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Class leads warriors in way of peace

Vietnam veteran says yoga has changed his life
By: Bridget Jones, Journal Staff Writer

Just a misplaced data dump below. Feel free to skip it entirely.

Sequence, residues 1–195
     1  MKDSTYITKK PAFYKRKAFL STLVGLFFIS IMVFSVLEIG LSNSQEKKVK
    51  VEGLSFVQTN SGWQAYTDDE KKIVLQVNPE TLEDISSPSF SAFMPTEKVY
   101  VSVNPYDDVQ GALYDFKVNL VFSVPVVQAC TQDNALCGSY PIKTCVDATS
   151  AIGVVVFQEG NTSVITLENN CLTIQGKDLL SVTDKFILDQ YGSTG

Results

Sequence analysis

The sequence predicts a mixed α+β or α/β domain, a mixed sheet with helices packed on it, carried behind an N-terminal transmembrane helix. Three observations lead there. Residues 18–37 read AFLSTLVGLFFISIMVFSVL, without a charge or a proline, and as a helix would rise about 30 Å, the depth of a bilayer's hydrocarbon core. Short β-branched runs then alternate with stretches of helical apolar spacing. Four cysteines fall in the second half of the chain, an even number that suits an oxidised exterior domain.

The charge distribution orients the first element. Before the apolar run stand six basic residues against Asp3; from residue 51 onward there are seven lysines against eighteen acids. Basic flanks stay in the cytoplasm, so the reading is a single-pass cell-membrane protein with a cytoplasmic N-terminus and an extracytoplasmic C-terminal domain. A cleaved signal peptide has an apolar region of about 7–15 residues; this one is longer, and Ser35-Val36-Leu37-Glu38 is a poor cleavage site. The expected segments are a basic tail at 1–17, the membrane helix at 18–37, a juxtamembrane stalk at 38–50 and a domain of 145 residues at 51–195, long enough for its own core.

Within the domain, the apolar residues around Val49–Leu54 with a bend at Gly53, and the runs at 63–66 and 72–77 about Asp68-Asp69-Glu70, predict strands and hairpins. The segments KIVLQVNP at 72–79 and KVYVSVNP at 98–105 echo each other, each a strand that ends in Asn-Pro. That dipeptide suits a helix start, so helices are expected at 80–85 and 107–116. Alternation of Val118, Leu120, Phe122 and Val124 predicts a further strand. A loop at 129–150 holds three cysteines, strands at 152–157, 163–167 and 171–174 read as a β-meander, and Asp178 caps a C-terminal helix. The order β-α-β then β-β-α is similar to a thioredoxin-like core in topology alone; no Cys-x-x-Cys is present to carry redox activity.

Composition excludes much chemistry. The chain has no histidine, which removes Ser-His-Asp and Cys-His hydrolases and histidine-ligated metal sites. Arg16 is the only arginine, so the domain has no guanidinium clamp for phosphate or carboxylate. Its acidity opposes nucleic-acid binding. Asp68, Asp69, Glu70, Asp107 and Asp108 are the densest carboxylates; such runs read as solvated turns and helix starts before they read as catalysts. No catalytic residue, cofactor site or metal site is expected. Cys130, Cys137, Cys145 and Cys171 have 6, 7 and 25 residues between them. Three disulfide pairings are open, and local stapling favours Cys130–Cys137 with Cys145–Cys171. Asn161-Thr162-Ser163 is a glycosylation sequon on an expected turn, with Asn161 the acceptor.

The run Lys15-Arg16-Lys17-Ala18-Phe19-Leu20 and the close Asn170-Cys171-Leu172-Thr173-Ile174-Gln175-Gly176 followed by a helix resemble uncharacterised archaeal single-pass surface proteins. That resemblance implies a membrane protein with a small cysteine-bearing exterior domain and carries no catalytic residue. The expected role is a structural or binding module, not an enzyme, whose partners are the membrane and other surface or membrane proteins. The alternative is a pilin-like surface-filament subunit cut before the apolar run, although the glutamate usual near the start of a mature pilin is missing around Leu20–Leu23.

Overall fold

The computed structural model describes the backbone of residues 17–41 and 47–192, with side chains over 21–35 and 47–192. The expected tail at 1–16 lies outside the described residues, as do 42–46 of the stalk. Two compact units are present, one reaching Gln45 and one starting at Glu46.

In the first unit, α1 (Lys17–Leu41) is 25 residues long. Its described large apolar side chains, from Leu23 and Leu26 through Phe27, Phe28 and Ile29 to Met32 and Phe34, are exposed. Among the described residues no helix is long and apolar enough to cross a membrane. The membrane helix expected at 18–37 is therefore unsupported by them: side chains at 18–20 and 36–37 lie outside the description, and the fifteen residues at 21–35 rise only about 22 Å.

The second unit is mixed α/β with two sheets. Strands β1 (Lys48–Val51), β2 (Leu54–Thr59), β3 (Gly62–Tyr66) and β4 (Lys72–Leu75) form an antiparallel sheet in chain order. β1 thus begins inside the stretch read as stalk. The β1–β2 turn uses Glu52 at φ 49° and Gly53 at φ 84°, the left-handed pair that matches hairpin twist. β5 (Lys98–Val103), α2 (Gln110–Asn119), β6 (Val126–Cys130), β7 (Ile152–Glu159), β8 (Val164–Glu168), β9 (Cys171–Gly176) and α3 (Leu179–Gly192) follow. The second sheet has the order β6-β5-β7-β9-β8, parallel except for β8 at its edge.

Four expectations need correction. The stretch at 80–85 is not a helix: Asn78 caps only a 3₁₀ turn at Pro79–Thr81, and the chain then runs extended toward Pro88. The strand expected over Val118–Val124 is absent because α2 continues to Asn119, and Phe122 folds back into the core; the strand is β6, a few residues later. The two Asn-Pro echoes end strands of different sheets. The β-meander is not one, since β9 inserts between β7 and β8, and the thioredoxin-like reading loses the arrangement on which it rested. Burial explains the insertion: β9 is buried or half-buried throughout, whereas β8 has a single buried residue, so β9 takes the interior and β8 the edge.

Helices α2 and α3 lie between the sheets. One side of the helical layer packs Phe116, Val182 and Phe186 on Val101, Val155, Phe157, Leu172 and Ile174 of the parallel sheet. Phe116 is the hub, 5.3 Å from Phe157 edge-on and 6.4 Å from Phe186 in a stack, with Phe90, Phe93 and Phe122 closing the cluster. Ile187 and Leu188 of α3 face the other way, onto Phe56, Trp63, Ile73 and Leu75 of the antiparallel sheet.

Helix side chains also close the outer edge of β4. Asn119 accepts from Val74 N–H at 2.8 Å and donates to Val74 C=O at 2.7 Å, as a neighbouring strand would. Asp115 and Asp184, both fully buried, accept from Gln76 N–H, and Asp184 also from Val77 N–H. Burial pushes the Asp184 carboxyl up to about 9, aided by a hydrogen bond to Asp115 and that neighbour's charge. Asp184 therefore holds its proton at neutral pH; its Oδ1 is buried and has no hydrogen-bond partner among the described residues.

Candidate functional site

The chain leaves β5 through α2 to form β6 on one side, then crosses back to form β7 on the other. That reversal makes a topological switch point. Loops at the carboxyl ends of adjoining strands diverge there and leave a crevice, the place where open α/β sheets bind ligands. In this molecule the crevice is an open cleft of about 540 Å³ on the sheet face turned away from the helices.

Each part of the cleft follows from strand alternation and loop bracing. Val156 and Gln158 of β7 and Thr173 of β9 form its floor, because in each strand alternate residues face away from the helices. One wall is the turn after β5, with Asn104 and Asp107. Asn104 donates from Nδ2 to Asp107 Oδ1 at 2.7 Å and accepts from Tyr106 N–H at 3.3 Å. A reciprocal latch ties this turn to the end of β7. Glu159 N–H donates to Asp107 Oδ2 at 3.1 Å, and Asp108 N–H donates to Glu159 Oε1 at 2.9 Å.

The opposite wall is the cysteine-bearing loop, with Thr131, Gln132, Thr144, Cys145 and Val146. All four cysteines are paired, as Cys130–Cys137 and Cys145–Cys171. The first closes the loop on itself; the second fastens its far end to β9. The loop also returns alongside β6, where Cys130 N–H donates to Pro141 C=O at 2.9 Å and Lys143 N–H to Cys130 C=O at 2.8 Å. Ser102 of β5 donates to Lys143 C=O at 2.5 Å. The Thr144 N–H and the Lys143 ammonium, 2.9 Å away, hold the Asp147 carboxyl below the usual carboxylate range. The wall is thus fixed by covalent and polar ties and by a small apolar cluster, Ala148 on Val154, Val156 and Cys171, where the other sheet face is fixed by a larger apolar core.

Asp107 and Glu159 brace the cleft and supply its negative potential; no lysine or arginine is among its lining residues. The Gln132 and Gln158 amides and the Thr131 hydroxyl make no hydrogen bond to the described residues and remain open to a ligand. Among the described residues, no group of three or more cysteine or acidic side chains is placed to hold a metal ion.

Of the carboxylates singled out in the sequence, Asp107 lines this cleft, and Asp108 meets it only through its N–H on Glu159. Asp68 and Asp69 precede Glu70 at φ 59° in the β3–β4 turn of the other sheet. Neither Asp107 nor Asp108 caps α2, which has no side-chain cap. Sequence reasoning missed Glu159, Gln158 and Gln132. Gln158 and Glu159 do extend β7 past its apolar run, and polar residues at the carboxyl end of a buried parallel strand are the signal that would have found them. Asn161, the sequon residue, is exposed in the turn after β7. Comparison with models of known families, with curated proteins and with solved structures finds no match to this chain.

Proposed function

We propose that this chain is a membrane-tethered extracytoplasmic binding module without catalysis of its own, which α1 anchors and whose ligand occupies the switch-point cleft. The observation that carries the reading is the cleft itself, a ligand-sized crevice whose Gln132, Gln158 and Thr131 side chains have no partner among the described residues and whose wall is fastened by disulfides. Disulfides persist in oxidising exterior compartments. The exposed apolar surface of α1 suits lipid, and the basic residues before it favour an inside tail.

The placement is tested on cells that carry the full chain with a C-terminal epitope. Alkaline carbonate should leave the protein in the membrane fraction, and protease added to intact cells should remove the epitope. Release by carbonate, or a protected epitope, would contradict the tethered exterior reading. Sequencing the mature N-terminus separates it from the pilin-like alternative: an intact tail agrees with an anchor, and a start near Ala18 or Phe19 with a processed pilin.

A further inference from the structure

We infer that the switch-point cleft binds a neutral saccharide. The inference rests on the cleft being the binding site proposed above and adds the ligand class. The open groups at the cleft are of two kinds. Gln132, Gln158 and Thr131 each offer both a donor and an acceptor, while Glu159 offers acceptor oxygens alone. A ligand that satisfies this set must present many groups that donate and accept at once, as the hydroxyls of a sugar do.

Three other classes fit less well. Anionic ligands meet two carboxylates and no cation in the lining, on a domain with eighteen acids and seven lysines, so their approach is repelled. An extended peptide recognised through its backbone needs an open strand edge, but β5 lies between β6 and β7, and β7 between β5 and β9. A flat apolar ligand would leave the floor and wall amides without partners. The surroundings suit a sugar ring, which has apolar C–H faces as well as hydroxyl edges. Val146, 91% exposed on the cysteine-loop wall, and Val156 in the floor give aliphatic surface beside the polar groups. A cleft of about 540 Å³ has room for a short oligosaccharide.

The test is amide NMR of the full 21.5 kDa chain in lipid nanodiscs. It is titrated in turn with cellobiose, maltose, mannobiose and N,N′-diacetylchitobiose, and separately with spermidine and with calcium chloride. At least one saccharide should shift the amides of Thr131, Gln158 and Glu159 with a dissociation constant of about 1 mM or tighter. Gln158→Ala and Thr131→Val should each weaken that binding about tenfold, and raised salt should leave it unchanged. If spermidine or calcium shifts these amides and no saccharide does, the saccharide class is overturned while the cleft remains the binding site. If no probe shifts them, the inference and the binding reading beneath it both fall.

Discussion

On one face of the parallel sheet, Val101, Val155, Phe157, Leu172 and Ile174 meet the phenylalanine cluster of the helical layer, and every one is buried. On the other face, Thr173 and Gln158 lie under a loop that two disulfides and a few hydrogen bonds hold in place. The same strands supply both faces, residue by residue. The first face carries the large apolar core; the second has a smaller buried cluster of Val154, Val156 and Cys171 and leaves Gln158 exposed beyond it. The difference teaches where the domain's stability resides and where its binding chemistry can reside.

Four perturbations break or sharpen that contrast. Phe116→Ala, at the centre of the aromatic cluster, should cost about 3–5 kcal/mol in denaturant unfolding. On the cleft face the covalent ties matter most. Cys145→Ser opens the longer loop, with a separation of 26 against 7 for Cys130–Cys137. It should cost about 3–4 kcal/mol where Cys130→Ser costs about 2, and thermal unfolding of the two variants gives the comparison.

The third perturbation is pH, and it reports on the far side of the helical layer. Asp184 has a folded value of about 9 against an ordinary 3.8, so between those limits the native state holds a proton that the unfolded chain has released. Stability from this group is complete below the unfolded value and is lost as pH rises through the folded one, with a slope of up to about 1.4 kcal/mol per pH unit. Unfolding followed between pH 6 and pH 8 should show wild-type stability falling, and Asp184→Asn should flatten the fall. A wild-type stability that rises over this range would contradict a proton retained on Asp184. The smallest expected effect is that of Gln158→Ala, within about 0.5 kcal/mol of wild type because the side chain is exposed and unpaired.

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A local workshop offered some peace of mind to participants Saturday, including a Vietnam War veteran. The Peace for Warriors martial arts and yoga workshop was scheduled to take place from 1 to 5 p.m. Saturday at Canyon Spirit Yoga Center on Auburn Ravine Road. Gopal Andre Sims, the workshop’s teacher, said the course is about building confidence and camaraderie for everyday people who are experiencing tough times in their lives. “To me it’s just time to help people overcome anxieties,” Sims said. “I’m becoming more and more aware of the thought that really a lot of people don’t know how to achieve peace of mind without it being driven by alcohol or drugs.” Susan Whitaker, who owns Canyon Spirit Yoga Center and is offering the workshop for the first time at her studio, said she likes the mission of the workshop. “I love the idea that he’s working with people who feel overwhelmed by stress or circumstances in their lives,” Whitaker said. “He’s using a combined peaceful approach of yoga and a peaceful approach of martial arts.” Sims said the martial arts used in the workshop is non-violent, because it doesn’t encourage those defending themselves to lash out, but rather use their attacker’s force against them. The workshop offers a calming outlet for veterans diagnosed with post-traumatic stress disorder, which is necessary in today’s world, Whitaker said. “They come home and they have no support, and they are in shock,” she said. “So I’m really excited somebody is stepping up and saying, ‘Hey, this is a community issue, not just a military issue.’” Georgetown resident Rob Edwards is a United States Navy veteran of the Vietnam War who planned to attend the workshop Saturday. Edwards owns his own yoga studio, currently called The Yoga Place, on his property in Georgetown. Edwards was diagnosed with post-traumatic stress disorder more than 20 years after he served in Vietnam from 1967 to 1969. Edwards began therapy and medical treatments for the disorder, but it wasn’t enough, he said. “It didn’t turn the corner for me,” Edwards said. “I was treading water through all those modalities of treatment.” He didn’t begin taking yoga classes as a way to deal with post-traumatic stress, but as a way to strengthen muscles affected by his job as a farrier, or horse-shoer, Edwards said. “I first started doing yoga because my chiropractor told me to,” he said. “By that point my life was a mess. I was physically getting better because of the yoga, but emotionally and a lot of other ways I was falling apart.” Edwards said he started feeling depressed and was essentially non-functional. It was then that he was diagnosed with the disorder, right around the 15th anniversary of the fall of Saigon. Edwards said he soon realized that he had to keep doing yoga, and that it helped him with his addictions and physical pains, and that its principles were comforting to him. He decided to go through the training to become a yoga instructor, and discovered even more how much it was helping him. “I thought, ‘Wow, there is so much more to yoga,’ … but I had to go through the intensity of the teacher’s training to realize that.” Edwards said he thinks yoga is helpful to those with the disorder because it allows you to quiet your mind and think about only what you are doing in the moment. “It puts you in a position to where you have to pay attention to what’s going on,” he said. “You can’t be thinking of too much else, so it is a place to get that union of the body and the mind.” Edwards said he encourages those diagnosed with post-traumatic stress disorder to try yoga as an outlet for healing. “I was treated for alcohol addiction,” he said. “I was treated for all kinds of things. My life was a mess and I couldn’t figure out why (before I was diagnosed). Yoga to me has been the tool that’s really made a difference in my life.” Reach Bridget Jones at bridgetj@goldcountrymedia.com